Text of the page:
2. an excessive emphasis on "individual rights and liberties" to the determent of the interests of society as a whole.
  3. a tendency to encourage disruptive innovation.
  4. a tendency to encourage the production of "frivolous" products, that is, products that no one really needs, even though people are wiling to buy them.


14. Based on the lectures, which of the following, if any, can reasonably be considered a legitimate strength of "socialism."

  1. It tends to discourage wasteful innovation.
  2. It tends to make it possible for some people to take a "free ride."
  3. In principal at least, socialism aims to promote reasonable equality.
  4. Based on the lecture, none of the above can be considered legitimate strengths of socialism.

15. Based on the lectures, which of the following, if any, can reasonably be considered a legitimate weakness of "socialism."
  1. It is very difficult to promote democracy in a socialist system.
  2. Private enterprise is all but impossible to sustain because of substantial government red tape and excessively high taxes.
  3. It is difficult to keep a substantial number of people from abusing the "safety net" the system provides, for example, in the form of generous unemployment benefits and free medical care.
  4. All of the above are weaknesses of socialism.

16. According to the lectures, which of the following, if any, distinguishes a "dictionary" conservative from a "political" conservative?
  1. A willingness to make significant changes in the political system, provided these changes result in less government involvement.
  2. A willingness to spend substantial amounts on national defense.
  3. A willingness to compromise on major controversial issues.
  4. None of the above distinguishes a "dictionary" from a "political" conservative.

17. Which of the following, if any, distinguishes a "political" liberal from a "political" conservative.
  1. Contemporary or "political" liberals believe that less government is better, while contemporary or "political" conservatives want a strong central government.
  2. Liberals believe that problems frequently can be solved with substantial government involvement, while conservatives tend to believe that government generally is a part of the problem, so that we are better off with less government.
  3. Liberals prefer to emphasize "individual initiative " while conservatives prefer to emphasize "collective action."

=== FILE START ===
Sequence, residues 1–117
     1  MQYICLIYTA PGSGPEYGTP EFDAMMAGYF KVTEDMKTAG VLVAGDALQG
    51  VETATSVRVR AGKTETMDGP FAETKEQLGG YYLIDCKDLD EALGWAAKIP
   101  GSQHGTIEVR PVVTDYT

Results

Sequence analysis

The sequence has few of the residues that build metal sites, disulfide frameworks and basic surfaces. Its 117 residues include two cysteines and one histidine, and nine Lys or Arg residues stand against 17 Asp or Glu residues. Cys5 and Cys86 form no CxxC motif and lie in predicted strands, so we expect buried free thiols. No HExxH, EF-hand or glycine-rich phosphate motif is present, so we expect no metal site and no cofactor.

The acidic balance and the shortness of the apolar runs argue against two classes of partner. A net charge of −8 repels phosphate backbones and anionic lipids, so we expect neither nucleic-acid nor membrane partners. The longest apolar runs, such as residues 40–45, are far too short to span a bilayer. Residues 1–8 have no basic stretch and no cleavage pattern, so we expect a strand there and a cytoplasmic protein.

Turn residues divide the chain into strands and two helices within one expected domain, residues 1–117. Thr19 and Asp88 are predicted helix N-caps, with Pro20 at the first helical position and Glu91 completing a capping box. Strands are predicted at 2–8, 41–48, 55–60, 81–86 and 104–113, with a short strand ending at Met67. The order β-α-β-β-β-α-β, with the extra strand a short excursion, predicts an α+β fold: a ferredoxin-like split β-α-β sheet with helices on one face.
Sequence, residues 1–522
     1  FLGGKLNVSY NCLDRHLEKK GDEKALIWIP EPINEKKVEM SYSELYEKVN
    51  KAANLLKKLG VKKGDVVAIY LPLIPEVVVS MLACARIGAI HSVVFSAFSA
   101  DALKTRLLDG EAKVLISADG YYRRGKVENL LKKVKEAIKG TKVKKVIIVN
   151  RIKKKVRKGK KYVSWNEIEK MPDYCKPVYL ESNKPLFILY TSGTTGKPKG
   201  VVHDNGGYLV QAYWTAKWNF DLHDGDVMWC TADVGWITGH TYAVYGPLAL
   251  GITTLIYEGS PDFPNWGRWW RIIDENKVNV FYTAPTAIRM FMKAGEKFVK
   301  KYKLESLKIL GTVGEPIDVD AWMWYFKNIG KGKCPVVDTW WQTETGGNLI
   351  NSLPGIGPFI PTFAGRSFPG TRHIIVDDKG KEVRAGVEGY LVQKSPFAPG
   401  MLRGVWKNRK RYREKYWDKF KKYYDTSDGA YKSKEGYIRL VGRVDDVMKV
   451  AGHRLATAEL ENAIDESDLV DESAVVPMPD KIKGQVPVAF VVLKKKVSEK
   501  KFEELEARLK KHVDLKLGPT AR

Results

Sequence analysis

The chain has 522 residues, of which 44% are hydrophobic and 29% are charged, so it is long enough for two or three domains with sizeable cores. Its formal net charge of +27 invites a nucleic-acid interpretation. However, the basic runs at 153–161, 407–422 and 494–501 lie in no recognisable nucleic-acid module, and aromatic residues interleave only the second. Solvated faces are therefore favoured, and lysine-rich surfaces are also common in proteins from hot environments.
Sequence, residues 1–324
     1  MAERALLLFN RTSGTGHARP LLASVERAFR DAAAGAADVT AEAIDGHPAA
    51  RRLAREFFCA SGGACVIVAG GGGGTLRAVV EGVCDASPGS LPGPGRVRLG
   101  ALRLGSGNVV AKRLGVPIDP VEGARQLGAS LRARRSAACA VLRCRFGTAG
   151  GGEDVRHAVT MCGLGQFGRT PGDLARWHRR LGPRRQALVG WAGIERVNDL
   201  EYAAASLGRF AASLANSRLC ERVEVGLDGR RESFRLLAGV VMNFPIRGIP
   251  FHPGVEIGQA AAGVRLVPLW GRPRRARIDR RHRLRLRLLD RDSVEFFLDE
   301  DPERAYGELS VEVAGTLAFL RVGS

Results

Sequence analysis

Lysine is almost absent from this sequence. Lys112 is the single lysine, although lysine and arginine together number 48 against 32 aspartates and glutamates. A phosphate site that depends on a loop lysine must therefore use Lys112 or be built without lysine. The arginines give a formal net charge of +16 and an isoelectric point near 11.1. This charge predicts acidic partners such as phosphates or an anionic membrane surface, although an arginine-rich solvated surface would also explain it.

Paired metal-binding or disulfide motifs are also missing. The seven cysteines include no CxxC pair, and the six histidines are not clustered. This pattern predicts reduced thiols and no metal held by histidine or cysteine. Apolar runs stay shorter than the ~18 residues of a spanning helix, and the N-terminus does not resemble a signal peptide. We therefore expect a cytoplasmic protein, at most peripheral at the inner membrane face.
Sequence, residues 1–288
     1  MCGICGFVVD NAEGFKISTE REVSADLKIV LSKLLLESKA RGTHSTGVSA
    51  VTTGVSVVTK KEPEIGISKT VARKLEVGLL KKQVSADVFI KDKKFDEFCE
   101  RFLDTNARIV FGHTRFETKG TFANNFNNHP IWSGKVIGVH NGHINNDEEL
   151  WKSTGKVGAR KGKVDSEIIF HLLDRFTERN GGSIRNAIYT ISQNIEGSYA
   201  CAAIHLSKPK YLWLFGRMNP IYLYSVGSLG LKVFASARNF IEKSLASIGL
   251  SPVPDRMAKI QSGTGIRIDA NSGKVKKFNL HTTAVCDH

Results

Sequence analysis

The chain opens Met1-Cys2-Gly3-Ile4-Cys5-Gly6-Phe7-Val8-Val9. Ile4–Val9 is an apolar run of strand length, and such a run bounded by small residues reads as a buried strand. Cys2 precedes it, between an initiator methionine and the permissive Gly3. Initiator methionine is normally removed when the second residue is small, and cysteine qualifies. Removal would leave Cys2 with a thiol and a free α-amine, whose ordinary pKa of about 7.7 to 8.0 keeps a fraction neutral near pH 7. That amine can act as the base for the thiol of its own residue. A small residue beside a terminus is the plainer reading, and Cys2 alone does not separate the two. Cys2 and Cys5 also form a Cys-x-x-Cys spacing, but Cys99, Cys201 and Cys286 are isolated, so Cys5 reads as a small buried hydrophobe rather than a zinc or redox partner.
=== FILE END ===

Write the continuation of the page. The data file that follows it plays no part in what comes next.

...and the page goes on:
4. All of the above distinguish contemporary or "political" liberals from contemporary or "political" conservatives.

18. According to the lecture, in a democracy which of the following, if any, probably is not true?
  1. As long as the majority is well informed, the rights of minorities are guaranteed to be protected.
  2. Through either formal or informal "checks and balances" it generally is possible to keep one group or individual from monopolizing power.
  3. Individual liberty is generally protected better than in alternative political systems.
  4. All of the above are true.

19. Based on the discussion in class, which of the following, if any, helps to explain why "democracy," for all of its faults, can reasonably be considered "better than the alternatives"?
  1. Democratic countries have superior cultures.
  2. The democratic system, with its political competition, generally makes it possible to identify and respond to problems more effectively than other systems.
  3. A democratic system can eliminate corruption.
  4. Because democratic systems protect civil rights, they can guarantee that, ultimately, only truly workable policies will be adopted by the government and that, because the leaders are chosen through competitive elections, these policies will be fully supported by the public
  5. All of the above help to explain why democracy is better than the alternatives.

20. According to the material presented in class, which of the following is it the least fair to say about "capitalism."?
  1. When genuine competition is present, an "invisible hand" generally guides people to make productive contributions to society­whatever their personal motives may be.
  2. In the real world of capitalism, unrestrained greed does not have to be a significant problem.
  3. When the profit motive is present we generally get better products at lower prices than when it isn't present.
  4. It is possible to argue that the profit motive contributes even more to society than charity.
  5. Capitalists generally have to benefit society in order to succeed.

 

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POS 101 R. R. Pope

Citizens & Governance Spring 2000

3rd EXAM



1. Which of the following, is the least reasonable statement about bureaucracy? Bureaucracy is

  1. always going to be guilty of a degree of inefficiency.
  2. going to tend to grow even if the actual work load doesn't grow.
  3. impossible to adequately control and therefore needs to be eliminated wherever possible.
  4. essential to modern society.

2. Among the reasons for the inefficiency of bureaucracy is/are

  1. the need for "standard operating procedures" which inevitably will not always be appropriate for the problem at hand
  2. the tendency of bureaucrats to "satisfyce."
  3. the tendency of the best people to get frustrated and leave the organization, so that when promotions are made they go to people who aren't always capable of doing the best possible job.
  4. All of the above.

3. Why do many officials regularly request more staff to be added to their agencies?

  1. More staff makes it easier to control an agency.
  2. More people must be hired to keep up with inflation.